Project Gaia, Inc. (PGI) has been working with its sister organization, Gaia Association (Gaia), on diverse projects for over a decade. I recently had the chance to talk with Dereje Petros, the Project Coordinator at Gaia, about this relationship, his time working in the Jijiga refugee camps, and his position now in Gaia’s main office.
Gaia Associations is registered as an independent organization in Ethiopia. Gaia partners frequently with PGI who provides funding as well as technical support for the multimillion-dollar projects that Gaia implements. They also work closely with the United Nations High Commissioner for Refugees (UNHCR) as an implementing partner.
Dereje started his work with Gaia in the Jijiga refugee camps. He reflects that, “limited life options due to the harsh climate and exhaustive and physical work conditions are the most challenging part of camp life for the refugees.” For Dereje, “the experience of practical project implementation” has been the most rewarding part of working in the camps. This is Gaia’s and PGI’s flagship project and one of their most successful joint ventures to date.
After his work in the camps, Dereje moved to the Gaia Association headquarters in Addis Ababa to manage and oversee projects. He is responsible for coordinating the resources to make them happen and for preparing progress reports on the various projects. While still monitoring developments in the camps, he is now involved with installing an ethanol microdistillery in Addis Ababa. This distillery, the first of its kind, will produce 1,000 liters of ethanol per day. This will benefit the women of the FWFCA, who will be able to use ethanol instead of wood for cooking. The biggest challenge that the team is facing is figuring out how they can provide sustainable power and electricity for this distillery. They are hopeful that provisions for electricity and the distillery will be completed in the near future, even as soon as the end of this year.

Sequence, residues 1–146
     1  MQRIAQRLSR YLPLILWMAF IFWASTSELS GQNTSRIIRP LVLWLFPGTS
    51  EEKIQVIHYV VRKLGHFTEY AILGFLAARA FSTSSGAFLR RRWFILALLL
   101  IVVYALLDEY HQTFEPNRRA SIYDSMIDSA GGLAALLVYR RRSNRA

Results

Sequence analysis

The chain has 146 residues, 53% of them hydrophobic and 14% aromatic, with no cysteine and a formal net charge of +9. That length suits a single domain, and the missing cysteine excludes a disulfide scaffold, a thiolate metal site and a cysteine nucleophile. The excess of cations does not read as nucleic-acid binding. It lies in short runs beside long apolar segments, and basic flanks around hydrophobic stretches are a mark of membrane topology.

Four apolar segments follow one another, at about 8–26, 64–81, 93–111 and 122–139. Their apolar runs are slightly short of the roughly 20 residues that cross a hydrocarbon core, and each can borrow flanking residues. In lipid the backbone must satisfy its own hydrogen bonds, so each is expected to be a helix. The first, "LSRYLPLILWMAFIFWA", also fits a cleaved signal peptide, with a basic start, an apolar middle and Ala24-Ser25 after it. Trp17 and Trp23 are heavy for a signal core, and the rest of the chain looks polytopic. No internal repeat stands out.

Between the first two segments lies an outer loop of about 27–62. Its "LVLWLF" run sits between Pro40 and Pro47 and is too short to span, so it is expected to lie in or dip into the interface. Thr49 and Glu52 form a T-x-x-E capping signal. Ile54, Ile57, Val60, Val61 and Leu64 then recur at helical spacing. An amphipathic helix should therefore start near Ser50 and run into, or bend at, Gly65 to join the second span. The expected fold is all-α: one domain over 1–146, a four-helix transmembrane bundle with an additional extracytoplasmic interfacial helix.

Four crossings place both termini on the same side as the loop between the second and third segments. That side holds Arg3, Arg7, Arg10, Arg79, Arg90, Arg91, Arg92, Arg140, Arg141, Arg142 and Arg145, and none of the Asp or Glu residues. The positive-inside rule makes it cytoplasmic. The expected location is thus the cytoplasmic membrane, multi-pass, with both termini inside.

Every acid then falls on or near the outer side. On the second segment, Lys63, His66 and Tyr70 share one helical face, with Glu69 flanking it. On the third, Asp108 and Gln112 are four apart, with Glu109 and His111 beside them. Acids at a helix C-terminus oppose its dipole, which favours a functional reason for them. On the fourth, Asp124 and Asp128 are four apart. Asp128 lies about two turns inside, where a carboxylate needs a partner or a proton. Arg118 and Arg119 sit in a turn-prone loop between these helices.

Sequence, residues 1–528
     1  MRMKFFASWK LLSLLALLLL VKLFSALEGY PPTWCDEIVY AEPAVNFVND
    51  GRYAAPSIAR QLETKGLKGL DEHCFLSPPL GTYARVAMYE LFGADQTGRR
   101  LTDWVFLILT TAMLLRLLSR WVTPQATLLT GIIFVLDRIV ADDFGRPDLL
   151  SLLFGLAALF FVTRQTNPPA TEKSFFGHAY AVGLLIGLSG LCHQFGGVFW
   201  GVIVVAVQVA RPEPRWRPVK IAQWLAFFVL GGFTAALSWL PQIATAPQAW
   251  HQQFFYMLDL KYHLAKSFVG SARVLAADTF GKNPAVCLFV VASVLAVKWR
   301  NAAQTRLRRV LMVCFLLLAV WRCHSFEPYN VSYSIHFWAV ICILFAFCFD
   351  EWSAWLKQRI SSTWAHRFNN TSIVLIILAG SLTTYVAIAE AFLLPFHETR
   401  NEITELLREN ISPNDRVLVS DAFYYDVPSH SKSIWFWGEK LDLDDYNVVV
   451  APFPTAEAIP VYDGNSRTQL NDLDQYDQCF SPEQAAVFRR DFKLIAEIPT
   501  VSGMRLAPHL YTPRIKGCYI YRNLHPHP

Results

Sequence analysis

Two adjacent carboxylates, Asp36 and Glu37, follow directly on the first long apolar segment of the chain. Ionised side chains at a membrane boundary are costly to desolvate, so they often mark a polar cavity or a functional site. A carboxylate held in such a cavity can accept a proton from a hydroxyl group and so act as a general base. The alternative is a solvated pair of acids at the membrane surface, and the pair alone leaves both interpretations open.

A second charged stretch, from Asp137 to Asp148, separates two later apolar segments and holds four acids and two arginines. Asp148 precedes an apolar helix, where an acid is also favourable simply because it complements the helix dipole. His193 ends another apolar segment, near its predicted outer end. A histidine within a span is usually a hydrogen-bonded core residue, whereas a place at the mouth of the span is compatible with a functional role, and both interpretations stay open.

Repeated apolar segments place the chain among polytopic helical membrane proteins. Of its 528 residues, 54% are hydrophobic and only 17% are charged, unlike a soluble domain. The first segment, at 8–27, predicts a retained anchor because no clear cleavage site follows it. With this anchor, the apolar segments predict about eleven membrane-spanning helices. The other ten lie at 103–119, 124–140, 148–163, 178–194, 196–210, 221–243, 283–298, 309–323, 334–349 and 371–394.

In addition to the new microdistillery and monitoring other camps, Gaia has recently begun stove pilot studies in new refugee camps. Dereje went to the Sherkole refugee camp in Western Ethiopia in order to both demonstrate and distribute the stoves and fuel. He described his impression of this camp in comparison to the Jijiga camps where Gaia currently works. He noted that, “In terms of lifestyle refugees have identical experiences. They live in plastic houses, have a limited amount of rations to survive the month, and tell of a horrifying life experience from their motherland.” However he observes that unlike the Jijiga refugee camps which house refugees from Somalia, “Sherkole is a refugee camp with a heterogeneous socio-cultural set up. At Sherkole, there are refugees from South Sudan, Rwanda, Uganda, Burundi, DRC, Liberia and the Ivory Coast. So far, the pilot studies at the Sherkole camp were largely successful, and the Gaia and PGI teams looking forward to getting more feedback in the coming year.
A huge thanks to Dereje for making this post possible!
By Nick Lorenz